Kenrick Morris, 28, Lilliput, St. James
Eucliffe Dyer, Arcadia Drive, Kingston 8
“Ratty,” Arcadia Drive, Kingston 8
Matthew Lee, Arcadia Drive, Kingston 8
http://www.jamaicaobserver.com/letters/The-reality-of-Jamaica-s-debt-crisis_13350521 (The reality of Jamaica’s debt crisis: Jamaica Observer editorial)
http://www.caribjournal.com/2013/01/11/dennis-chung-avoiding-economic-and-social-decline-in-jamaica/ (Avoiding economic and social decline in Jamaica: Dennis Chung/Carib Journal)
http://jamaica-gleaner.com/gleaner/20130110/cleisure/cleisure4.html (Human rights just as important as IMF: Jaevion Nelson op-ed/Gleaner)
http://jamaica-gleaner.com/latest/article.php?id=42191 (Police kill ten civilians in ten days: Gleaner)
http://jamaica-gleaner.com/gleaner/20130113/lead/lead2.html (Cops kill eighteen in twelve days: Sunday Gleaner)
http://jamaica-gleaner.com/gleaner/20120307/lead/lead3.html (Police killings spark outrage: Gleaner, March 7, 2012)
http://www.jamaicaobserver.com/news/INDECOM-jump-starts-cold-case-files_13362585 (INDECOM jump starts cold case files: Sunday Observer)
http://www.jamaicaobserver.com/news/Grief-in-Rosemount-as-residents-mourn-murder-of-couple_13351587 (Grief in Rosemount as residents mourn murder of couple: Observer)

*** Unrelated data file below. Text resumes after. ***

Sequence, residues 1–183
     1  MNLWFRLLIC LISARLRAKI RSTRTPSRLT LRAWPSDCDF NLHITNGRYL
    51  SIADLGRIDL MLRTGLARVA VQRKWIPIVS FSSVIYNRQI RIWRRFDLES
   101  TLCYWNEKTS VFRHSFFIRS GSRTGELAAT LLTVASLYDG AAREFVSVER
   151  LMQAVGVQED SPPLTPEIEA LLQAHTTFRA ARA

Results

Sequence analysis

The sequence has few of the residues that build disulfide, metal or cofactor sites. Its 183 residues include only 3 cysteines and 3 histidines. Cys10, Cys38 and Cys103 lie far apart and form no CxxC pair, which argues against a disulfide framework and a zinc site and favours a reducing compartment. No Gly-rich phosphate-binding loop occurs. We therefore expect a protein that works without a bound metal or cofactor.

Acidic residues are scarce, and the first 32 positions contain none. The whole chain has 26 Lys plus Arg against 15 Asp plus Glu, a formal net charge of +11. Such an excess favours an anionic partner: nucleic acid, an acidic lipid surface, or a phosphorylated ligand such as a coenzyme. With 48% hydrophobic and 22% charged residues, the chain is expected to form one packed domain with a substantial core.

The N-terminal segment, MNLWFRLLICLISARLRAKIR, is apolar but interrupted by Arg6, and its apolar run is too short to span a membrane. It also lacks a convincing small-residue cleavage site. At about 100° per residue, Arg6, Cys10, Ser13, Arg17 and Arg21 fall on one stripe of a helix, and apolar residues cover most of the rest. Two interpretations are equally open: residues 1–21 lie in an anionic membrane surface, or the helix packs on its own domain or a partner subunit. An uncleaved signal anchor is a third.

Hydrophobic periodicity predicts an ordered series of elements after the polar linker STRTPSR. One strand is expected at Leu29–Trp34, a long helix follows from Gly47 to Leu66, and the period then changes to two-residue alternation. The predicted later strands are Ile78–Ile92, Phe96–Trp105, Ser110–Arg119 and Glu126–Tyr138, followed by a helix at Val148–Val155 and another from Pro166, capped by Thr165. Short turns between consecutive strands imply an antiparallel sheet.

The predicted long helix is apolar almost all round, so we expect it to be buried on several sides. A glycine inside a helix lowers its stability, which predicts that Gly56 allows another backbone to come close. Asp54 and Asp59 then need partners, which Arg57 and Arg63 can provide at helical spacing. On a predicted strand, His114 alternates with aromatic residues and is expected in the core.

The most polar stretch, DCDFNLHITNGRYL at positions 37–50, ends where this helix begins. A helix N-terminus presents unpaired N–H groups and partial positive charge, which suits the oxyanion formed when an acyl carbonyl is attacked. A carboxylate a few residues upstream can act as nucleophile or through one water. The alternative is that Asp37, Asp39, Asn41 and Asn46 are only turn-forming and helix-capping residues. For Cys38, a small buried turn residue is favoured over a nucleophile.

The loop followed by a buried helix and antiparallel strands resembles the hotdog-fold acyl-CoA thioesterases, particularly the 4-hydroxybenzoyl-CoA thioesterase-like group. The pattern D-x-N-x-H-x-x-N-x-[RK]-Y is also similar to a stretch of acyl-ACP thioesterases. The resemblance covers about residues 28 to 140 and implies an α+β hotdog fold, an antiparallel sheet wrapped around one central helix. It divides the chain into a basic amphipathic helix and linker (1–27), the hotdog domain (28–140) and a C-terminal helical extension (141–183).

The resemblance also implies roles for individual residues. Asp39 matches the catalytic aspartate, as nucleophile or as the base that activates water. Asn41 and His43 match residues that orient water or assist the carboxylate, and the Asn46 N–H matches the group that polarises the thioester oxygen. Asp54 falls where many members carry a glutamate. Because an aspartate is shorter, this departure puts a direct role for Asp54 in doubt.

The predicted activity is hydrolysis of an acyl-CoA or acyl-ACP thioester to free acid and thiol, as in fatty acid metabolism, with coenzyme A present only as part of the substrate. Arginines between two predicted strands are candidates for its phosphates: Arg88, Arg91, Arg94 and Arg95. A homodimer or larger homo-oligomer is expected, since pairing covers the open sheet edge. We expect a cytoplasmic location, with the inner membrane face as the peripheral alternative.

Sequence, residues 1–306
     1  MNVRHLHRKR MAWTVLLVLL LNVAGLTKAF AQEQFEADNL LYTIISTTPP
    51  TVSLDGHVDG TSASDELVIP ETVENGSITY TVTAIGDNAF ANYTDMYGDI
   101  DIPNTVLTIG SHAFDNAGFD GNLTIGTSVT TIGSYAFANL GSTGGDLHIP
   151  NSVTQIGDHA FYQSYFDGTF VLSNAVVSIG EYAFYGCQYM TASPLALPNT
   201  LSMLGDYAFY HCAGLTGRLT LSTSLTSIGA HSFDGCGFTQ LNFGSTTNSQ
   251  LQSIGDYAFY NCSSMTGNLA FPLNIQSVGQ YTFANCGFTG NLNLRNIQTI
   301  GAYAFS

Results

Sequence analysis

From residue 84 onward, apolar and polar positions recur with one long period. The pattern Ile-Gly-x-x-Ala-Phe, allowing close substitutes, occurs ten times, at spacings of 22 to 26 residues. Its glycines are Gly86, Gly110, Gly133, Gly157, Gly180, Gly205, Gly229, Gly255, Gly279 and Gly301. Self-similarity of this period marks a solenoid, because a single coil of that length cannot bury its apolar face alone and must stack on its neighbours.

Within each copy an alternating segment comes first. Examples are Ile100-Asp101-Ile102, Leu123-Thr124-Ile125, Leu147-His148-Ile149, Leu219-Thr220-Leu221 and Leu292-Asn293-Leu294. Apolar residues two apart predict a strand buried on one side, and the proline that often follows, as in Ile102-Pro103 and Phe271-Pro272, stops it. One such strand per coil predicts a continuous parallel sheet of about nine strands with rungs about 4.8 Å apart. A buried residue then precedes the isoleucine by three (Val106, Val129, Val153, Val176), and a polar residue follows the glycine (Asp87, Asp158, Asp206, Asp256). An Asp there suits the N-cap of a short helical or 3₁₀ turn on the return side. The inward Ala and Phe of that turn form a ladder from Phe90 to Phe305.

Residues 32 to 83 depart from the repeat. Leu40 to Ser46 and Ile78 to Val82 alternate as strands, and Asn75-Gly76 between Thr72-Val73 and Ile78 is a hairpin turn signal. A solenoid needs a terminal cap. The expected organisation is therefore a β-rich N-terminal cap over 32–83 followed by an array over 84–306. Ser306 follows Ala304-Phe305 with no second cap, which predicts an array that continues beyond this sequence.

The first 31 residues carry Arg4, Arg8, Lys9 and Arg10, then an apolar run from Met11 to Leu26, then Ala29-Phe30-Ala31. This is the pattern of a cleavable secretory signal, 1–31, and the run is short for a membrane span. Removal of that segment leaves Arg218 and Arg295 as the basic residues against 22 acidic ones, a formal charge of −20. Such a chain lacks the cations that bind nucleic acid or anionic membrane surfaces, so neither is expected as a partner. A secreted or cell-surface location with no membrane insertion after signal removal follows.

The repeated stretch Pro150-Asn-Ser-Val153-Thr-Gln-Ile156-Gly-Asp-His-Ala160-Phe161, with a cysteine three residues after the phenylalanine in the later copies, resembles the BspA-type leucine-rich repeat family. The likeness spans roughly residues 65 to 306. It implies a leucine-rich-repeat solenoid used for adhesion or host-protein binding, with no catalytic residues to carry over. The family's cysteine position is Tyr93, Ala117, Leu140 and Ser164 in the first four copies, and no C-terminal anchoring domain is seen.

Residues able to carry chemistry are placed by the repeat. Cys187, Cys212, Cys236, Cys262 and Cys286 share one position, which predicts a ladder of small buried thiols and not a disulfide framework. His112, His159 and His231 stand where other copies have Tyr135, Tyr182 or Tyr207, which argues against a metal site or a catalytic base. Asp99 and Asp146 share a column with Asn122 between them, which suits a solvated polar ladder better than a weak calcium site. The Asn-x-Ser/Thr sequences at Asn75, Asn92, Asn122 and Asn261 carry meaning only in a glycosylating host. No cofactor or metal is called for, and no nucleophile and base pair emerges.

http://go-jamaica.com/news/read_article.php?id=42182 (Long-awaited Tivoli report ready: Gleaner/Power 106 FM)
http://rjrnewsonline.com/local/yale-students-file-suit-against-dea-to-release-tivoli-tapes (Yale students file suit against DEA to release Tivoli tapes: RJR News)
http://www.jamaicaobserver.com/news/Gang-feud-puts-Tivoli-Gardens-on-edge_13346079 (Gang feud puts Tivoli Gardens on edge: Jamaica Observer)
http://rjrnewsonline.com/local/grieving-mother-still-hopes-for-justice (Grieving mother still hopes for justice: RJR)
http://www.jamaicaobserver.com/letters/Melvin-Chung-s-death-goes-deep_13339337 (Melvin Chung’s death goes deep: Letter to Jamaica Observer)
http://www.jamaicaobserver.com/news/How-could-anyone-kill-this-baby- (How could anyone kill this baby? Sunday Observer)
http://www.bbc.co.uk/news/uk-england-21002359 (Imani Green Jamaica killing: “Happy girl,” eight, shot dead: BBC News)
http://www.jamaicaobserver.com/news/-We-are-still-waiting-_13346061 (“We are still waiting: Government yet to take up Mustard Seed’s offer: Jamaica Observer)
http://jamaica-gleaner.com/gleaner/20130112/cleisure/cleisure1.html (How much religion is too much? Gleaner editorial)
http://www.jis.gov.jm/news/list/32668 (National Broadcast by Prime Minister Simpson Miller: Jamaica Information Service)